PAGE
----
The Experience Layer includes a wide variety of activities with seemingly endless opportunity to add value to payees, payors and other providers of payment related services.
Paytechs in the Experience Layer provide technology that lets a payor and payee interact with a payment. This includes all activities from the decision to transact, to the selection of a payment type and initiation of the exchange, as well as notifications throughout the value chain and the subsequent reconciliation of the payment.
Point-of-Sale (PoS) — including bricks, clicks and contextual
The technology bringing you to the point of payment initiation at the point-of-sale can vary greatly from traditional PoS devices, to mobile phones and tablets, from plastic cards to e-wallets, and online payment services. While PoS has traditionally referred to physical store checkouts, the lines between bricks and clicks are becoming increasingly blurred, and PoS is now equally physical, virtual and even contextual.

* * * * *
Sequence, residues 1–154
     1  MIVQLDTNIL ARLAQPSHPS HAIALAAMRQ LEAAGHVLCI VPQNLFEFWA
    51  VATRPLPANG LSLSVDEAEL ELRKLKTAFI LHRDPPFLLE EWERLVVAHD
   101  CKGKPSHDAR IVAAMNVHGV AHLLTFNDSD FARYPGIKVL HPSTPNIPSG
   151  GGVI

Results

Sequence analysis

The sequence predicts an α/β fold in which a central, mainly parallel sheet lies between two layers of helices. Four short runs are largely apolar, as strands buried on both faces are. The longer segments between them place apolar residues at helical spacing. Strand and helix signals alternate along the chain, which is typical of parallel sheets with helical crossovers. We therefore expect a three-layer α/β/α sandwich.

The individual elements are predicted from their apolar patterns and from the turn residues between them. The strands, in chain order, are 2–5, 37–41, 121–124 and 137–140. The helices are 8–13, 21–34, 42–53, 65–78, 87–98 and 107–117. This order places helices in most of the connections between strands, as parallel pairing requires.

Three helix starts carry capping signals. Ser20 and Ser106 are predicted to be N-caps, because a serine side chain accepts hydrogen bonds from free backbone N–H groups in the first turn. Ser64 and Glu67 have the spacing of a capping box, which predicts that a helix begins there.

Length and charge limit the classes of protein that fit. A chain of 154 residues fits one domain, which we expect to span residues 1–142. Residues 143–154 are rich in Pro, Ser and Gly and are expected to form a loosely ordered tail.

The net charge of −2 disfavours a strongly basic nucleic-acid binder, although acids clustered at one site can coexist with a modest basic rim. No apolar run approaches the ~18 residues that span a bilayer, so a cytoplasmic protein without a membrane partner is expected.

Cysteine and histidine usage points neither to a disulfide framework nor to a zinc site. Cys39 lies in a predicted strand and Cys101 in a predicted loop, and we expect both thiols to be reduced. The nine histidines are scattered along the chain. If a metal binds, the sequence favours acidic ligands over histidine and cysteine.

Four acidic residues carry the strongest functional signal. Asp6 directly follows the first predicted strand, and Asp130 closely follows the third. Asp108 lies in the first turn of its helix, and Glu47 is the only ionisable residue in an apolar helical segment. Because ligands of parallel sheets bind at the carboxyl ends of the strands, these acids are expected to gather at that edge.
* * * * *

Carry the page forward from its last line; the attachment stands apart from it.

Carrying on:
Contextual commerce is an emerging space that provides consumers with the ability to make purchases within their current environment—rather than seeking out a way to buy something. Essentially, the point-of-sale is seamlessly transformed into whatever the purchaser is doing at that time. It removes almost all friction in the payment experience, making payments effectively invisible to a payor.
Augmented Reality (AR) technology promises to further blur the lines between bricks, clicks and context, and unlock new possibilities for the payment experience.
Point-of-Sale examples include:
- PoS terminal in a retail store
- Mobile device or tablet
- Mobile wallet/e-wallet
- Proprietary mobile apps (closed-loop)
- Website shopping carts
- Mobile apps
- Internet-of-things (IoT)
- Voice (extension of IoT)
- Social media & messengers
Banks provide access to various payments types through the following channels:
- Mobile banking
- Online Banking
- Telephone banking
Once a transaction occurs the payee and payor may need to account for it. This has historically been done through a manual process that matches payments to accounting records, however, increasingly this process is becoming automated—helped by a larger amount of data made available by a payment. Many organizations are working in this space to integrate payment messages with notification channels and accounting systems. The ISO 20022 messaging standard will provide the data ubiquity for automated reconciling to occur on a broad scale.